In a joint trial Brooks was convicted of simple assault and Johnson was convicted of obstructing a law enforcement officer in the discharge of his official duty. They appeal on the general grounds.
Brooks and Johnson were part of a small group carrying a banner down Peachtree Street in Atlanta, Georgia, claiming that the conviction of Wayne Williams for the murder of two children was a police cover-up. It was the evening rush hour and the group was partially blocking the sidewalk in front of the main MARTA train station. R. R. Glasgow, a police officer on duty in the area, approached the group to request that they move to one side of the walk so they would not obstruct pedestrian traffic. As Glasgow approached, Brooks started shouting that "[a]ll cops are dogs"; pointing his finger at Glasgow, Brooks yelled: "Like this man right here . . . This man here is a dog." Glasgow then told Brooks that he was under arrest and grabbed him by the arm. Brooks jerked his arm away and Glasgow radioed for assistance; Glasgow then grabbed Brooks, who started swinging his arms wildly at Glasgow. At this point appellant Johnson bumped Glasgow's back and grabbed his arm to prevent Glasgow from arresting Brooks. Other police arrived on the scene and after a slight scuffle Brooks and Johnson were handcuffed and arrested.
Because both appellants were acquitted of a charge of using opprobrious and abusive language, they contend that Glasgow's attempt to arrest Brooks for that offense was illegal. Thus, argue appellants, Brooks was authorized to resist arrest by committing the simple assault on Glasgow, and Johnson was authorized to come to Brooks' assistance.
(Code Ann. 26-2610) provides: "A person who commits any of the following acts commits a misdemeanor: (1) Without provocation, uses to or of another, in his presence, opprobrious or abusive words which by their very utterance tend to incite to an immediate breach of the peace, that is to say, words which as a matter of common knowledge and under ordinary circumstances will, when used to or of another person in his presence, naturally tend to provoke violent resentment, that is, words commonly called 'fighting words' There is no question that appellant Brooks' utterance of the words in question was without provocation and that they were spoken in Officer Glasgow's presence. Thus, we must determine first whether the words used constituted "fighting words" within the meaning of the Code, for the United States Supreme Court has limited the prohibition against use of abusive and obscene words to "fighting words." Chaplinsky v. New Hampshire, 315 U. S. 568, 571-572 (2) (62 SC 766, 86 LE 1031). In that case the court stated that "it is well understood that the right of free speech is not absolute at all times and under all circumstances. There are certain well defined and narrowly limited classes of speech, the prevention and punishment of which have never been thought to raise any Constitutional problem. These include . . . the insulting or 'fighting' words -- those which by their very utterance . . . tend to incite an immediate breach of the peace."
In discussing the test laid down in Chaplinsky this court stated that "this test has not been interpreted to mean that the state must prove the effect of the words upon a particular individual; that is, whether the individual to whom the words were addressed was incited to action by their utterance. [OCGA 16-11-39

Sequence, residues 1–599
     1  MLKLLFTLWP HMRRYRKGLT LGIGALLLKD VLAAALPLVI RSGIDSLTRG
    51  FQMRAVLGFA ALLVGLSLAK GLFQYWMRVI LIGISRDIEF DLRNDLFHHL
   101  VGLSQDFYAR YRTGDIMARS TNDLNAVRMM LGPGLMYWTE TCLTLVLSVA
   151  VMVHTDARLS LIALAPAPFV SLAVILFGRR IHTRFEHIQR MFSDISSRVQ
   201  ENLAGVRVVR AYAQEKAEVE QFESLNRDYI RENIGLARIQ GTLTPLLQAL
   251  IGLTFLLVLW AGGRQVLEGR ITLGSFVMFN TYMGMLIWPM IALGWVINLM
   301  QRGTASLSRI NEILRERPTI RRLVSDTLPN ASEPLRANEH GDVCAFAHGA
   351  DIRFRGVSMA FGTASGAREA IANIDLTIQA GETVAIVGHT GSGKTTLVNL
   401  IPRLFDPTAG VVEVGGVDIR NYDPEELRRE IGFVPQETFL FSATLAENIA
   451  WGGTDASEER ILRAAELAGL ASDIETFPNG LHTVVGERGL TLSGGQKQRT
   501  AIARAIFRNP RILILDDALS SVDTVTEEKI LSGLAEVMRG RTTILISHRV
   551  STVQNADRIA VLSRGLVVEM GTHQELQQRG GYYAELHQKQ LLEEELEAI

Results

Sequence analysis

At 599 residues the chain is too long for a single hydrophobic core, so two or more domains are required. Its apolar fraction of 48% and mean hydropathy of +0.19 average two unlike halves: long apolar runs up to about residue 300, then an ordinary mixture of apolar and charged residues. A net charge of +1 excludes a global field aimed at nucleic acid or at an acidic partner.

(1) (Code Ann. 26-2610)] makes no distinction between the types of persons to whom the words are uttered. The fact that a policeman admits that he is used to hearing obscene language during the performance of his duties is not a defense available to the defendant under this code section." Bolden v. State, 148 Ga. App. 315
, 316 (2) (251 SE2d 165
) (1978). Applying these tests to the instant case we find that pointing to Officer Glasgow and yelling to a large crowd of 150 to 200 people that "[t]his man here is a dog" is the type of language commonly called "fighting words" which "naturally tend to provoke violent resentment." See in this regard Johnson v. State, 143 Ga. App. 826 (240 SE2d 207) (1977)
, where we held that appellant's loud and abusive use of obscene and insulting language to a policewoman, thereby attracting a crowd of people, constituted "fighting words." Our conclusion is supported by Cantwell v. Connecticut, 310 U. S. 296, 309-310 (60 SC 900, 84 LE 1213), in which the United States Supreme Court held: "Resort to epithets or personal abuse is not in any proper sense communication of information or opinion safeguarded by the Constitution, and its punishment as a criminal act would raise no question under that instrument."
S. 89, 91 (85 SC 223, 13 LE2d 142). Further, there is a great difference between what is required to prove guilt in a criminal case and what is required to show probable cause for arrest. Draper v. United States, 358 U. S. 307, 311-312 (79 SC 329, 3 LE2d 327).
Under the circumstances of this case we find that Officer Glasgow had probable cause to believe that an offense was being committed in his presence, and therefore, he was authorized to arrest Brooks without a warrant. Johnson, supra. The fact that appellants were found not guilty of the charge of using opprobrious and abusive language is immaterial as to the legality of the arrest, because "[i]t is not necessary that the accused be found guilty, for the arrest may still be lawful." Barlow v. State, 145 Ga. App. 93 (243 SE2d 328) (1978)
; Evans v. State, 151 Ga. App. 885
, 886 (2) (262 SE2d 199
) (1979). Since the arrest was lawful, the evidence was more than sufficient to meet the requirements of Jackson v. Virginia, 443 U. S. 307 (99 SC 2781, 61 LE2d 560).
James L. Webb, Solicitor, Deborah S. Greene, Assistant Solicitor, for appellee.